“There were treatments for stink bugs in the past 2 weeks, but most fields are beyond the threat of insects.

“There are reports of above average grain yields, which we need due to low prices. It looks like the cotton yields should also be strong. We hope so because we’re ready to close the books on 2019.”

 

Randy Norton, University of Arizona Extension Cotton Specialist, Safford:

“In the east and central parts of the state, most of the crop is at early bloom, 8 to 9 NAWF. It’s rocking along with good fruit retention. There is still little to no insect pressure.

“Level 1 and Level 2 heat stress are apparent in some flower formation. Fortunately, we have not seen consecutive days of heat stress. Since we’re still in early bloom, the heat will have less impact than it would at peak bloom. We’re finally getting monsoonal moisture, which is welcomed.

“Out west, it looked dicey with less than optimum fruit retention. But plants had a good fruit set the last few weeks. Much of it is nearing cutout and final irrigations will go out the next 2 weeks. I’m still optimistic about a good Arizona crop after a slow start.”

 

Murilo Maeda, Texas A&M AgriLife Extension Cotton Specialist, Lubbock:

“The southern High Plains crop looks good considering the rough start. Growth stages are variable, but overall the crop is moving along nicely. A few fields hit first bloom early this week and much of the area should be blooming within the next few weeks.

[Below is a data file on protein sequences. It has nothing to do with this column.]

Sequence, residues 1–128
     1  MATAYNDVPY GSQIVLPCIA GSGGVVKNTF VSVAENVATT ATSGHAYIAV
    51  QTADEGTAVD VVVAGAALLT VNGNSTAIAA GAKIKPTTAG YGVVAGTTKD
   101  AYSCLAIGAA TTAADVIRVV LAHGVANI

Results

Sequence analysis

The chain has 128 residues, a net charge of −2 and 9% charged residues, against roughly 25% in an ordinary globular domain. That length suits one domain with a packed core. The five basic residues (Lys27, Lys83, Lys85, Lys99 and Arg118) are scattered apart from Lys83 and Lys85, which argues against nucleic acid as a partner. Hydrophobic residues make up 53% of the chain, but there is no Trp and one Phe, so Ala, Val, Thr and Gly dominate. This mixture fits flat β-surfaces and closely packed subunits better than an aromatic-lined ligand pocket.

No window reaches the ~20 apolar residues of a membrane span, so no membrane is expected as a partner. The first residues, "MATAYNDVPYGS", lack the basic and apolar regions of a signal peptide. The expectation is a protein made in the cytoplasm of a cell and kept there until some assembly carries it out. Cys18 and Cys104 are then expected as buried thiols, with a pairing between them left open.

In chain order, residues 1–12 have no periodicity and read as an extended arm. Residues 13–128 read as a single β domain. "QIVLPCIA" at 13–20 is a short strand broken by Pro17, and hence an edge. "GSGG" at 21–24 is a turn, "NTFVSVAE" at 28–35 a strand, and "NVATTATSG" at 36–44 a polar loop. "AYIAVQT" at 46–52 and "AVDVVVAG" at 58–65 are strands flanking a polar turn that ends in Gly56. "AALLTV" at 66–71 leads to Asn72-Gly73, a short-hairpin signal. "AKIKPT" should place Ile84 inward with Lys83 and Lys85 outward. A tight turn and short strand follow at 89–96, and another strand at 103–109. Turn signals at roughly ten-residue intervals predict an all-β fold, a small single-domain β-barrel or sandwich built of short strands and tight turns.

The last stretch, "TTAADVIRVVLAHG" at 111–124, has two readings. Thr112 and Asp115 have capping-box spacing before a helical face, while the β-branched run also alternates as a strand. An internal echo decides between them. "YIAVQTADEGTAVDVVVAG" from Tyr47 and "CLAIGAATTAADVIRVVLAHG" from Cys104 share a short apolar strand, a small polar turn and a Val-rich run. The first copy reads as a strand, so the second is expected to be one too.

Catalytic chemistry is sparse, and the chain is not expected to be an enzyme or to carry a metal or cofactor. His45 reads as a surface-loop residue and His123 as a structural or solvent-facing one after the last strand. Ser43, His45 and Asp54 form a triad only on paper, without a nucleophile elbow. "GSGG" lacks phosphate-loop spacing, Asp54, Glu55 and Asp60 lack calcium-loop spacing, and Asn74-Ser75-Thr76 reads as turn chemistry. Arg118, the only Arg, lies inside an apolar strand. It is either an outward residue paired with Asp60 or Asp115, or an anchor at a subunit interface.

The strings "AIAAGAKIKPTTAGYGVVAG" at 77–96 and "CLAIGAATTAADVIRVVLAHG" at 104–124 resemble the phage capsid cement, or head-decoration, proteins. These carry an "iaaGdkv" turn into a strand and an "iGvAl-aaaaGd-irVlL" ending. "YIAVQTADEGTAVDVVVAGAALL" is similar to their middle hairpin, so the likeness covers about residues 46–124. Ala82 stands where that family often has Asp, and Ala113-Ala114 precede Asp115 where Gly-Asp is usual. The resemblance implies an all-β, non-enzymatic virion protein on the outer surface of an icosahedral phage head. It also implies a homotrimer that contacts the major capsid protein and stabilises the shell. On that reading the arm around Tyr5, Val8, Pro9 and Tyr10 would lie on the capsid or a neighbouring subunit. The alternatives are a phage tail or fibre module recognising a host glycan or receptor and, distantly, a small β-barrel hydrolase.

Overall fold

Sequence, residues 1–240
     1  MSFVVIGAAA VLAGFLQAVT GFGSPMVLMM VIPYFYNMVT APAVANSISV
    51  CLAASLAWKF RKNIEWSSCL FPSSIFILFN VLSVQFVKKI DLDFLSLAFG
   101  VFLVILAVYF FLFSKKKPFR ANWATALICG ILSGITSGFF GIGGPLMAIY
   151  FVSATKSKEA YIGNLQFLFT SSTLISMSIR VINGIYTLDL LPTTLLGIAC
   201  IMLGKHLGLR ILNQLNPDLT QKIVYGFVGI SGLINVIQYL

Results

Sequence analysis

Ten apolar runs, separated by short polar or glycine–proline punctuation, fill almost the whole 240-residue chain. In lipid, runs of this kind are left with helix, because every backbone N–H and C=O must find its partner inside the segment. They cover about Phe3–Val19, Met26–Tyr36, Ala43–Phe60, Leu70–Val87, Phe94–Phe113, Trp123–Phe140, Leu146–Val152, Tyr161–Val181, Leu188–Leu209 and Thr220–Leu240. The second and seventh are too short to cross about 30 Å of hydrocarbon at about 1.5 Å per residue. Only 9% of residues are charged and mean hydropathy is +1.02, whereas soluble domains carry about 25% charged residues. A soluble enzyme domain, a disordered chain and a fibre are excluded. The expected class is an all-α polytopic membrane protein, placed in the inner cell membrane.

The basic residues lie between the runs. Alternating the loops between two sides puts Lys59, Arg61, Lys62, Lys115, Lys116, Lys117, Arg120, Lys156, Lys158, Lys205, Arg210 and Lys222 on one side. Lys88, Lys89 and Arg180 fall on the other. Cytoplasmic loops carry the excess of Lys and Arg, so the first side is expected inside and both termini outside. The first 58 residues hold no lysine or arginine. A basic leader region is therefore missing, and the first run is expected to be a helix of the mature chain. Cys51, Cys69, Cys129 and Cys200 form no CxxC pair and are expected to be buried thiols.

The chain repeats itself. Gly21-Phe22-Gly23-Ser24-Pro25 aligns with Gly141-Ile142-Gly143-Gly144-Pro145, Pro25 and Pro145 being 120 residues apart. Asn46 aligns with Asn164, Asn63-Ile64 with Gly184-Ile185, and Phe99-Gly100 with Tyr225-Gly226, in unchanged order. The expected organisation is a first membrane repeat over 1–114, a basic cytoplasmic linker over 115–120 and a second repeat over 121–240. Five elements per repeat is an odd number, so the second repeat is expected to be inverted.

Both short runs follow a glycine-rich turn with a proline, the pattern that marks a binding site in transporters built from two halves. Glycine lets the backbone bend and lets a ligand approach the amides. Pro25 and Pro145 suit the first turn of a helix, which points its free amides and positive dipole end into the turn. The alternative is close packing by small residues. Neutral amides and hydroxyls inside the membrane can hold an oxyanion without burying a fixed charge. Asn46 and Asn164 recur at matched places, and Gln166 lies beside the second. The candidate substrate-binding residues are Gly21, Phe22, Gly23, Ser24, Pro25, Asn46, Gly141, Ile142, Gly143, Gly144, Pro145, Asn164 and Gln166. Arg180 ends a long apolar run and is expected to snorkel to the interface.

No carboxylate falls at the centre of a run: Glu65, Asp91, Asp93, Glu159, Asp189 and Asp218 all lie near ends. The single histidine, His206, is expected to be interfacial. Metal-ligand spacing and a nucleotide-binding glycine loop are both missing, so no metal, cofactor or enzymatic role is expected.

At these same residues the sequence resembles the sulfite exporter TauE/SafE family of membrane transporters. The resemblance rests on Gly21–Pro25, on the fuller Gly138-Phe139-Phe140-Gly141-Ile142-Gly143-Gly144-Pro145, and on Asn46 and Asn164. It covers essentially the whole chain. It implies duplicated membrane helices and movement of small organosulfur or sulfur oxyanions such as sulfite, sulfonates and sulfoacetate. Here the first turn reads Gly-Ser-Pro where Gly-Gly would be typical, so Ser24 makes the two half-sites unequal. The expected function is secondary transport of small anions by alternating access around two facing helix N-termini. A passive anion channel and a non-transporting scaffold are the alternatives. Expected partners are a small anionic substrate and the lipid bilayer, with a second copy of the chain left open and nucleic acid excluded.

“Many fields need a rain, especially for dryland crops or where irrigation water is limited. Hopefully folks are on top of their fertility program. Late N applications tend to delay crop maturity and can complicate crop termination especially in a late crop.    

“If you’re applying auxin herbicides, continue to follow the label, as you should with all herbicides to avoid movement.  

“Field scouting is essential with the chance for more insect activity. Growers should check with county agents, IPM specialists and crop consultants on the status of insect populations.”

 

Tyler Mays, Texas A&M AgriLife IPM Agent, Hill County:

“Stink bugs are a problem, not necessarily in numbers, but in the excessive damage they’re doing to bolls. Check fields closely to determine whether you need to spray.

“A few bollworms are floating around. Make sure your Bt varieties are preventing damage and be ready to spray if they aren’t.

“Plant growth varies. Older cotton is bloomed out the top. We need to protect what boll load we have. Younger cotton is 6 to 6.5 NAWF, where carbohydrate demand is still higher than boll load. The high temperatures and lack of rain in the past 3 weeks will help us reach cutout on many of those acres.

“Cotton could use a drink, especially the stuff not yet bloomed out the top. We’re seeing fruit shed on some of those plants.

“I saw a little bacterial blight yesterday (7/22). There’s not much you can do about it at this point. However, be sure to write down those variety numbers to help with selection next year.”